Researchers at the International Congress of Human Genetics meeting in Montreal, Quebec, gave an update this morning on the status of some International Cancer Genome Consortium projects, particularly those on pancreatic, oral, and stomach cancer. New sequencing technologies have spurred the ICGC to sequence about 500 tumor varieties to try to find genomic, epigenomic, and transcriptomic changes that occur in those cancers. "It is relatively simple to think about doing cancer genomics," said session chair Tom Hudson from the Ontario Institute for Cancer Research. There are now 17,000 consenting donors for ICGC projects, and data from about 2,000 of those maybe found on the consortium's Web site.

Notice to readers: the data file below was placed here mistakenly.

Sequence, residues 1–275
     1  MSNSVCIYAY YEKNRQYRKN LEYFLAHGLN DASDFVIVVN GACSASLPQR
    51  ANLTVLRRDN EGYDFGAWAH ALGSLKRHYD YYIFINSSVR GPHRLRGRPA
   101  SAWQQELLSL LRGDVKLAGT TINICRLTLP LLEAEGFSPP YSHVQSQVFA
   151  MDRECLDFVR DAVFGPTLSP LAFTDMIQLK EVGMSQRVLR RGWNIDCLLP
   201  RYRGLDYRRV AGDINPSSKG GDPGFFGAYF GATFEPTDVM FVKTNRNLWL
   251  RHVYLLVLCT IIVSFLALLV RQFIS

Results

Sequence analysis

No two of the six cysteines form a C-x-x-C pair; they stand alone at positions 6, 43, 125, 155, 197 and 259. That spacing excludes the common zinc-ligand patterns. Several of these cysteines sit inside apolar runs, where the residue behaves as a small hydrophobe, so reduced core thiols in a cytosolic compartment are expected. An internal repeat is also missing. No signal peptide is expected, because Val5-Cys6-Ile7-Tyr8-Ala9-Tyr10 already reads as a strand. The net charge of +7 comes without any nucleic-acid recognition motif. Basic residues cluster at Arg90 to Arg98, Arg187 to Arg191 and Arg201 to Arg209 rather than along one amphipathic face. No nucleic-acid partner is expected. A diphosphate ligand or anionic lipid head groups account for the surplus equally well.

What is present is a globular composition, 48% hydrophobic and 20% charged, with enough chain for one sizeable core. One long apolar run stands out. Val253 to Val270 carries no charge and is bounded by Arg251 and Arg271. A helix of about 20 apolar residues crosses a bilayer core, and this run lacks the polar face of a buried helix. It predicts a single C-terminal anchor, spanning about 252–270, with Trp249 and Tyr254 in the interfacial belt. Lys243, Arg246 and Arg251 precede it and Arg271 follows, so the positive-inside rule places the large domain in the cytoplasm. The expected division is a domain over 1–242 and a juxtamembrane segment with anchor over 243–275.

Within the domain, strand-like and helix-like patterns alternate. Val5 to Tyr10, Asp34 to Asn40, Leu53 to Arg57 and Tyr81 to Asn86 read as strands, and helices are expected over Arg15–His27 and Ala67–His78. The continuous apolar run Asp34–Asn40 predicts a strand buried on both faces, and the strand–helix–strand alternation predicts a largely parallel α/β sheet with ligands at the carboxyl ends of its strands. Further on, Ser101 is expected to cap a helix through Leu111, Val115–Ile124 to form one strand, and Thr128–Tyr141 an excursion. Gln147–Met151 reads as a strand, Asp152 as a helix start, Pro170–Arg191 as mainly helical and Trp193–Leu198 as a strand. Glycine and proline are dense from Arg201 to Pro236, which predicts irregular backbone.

Two speakers during the session touched on difficulties facing researchers in sequencing pancreatic cancer samples. One problem is that pancreatic tumor samples often include a fair amount of normal tissue, due to the characteristics of the tumor. However, the Broad Institute's Stacey Gabriel and her colleagues at The Cancer Genome Atlas showed that deep sequencing of such mixed samples could pick up pancreatic cancer mutations. Alternatively, John McPherson at OICR has used different enrichment approaches to increase the amount of usable tumor, also with some success.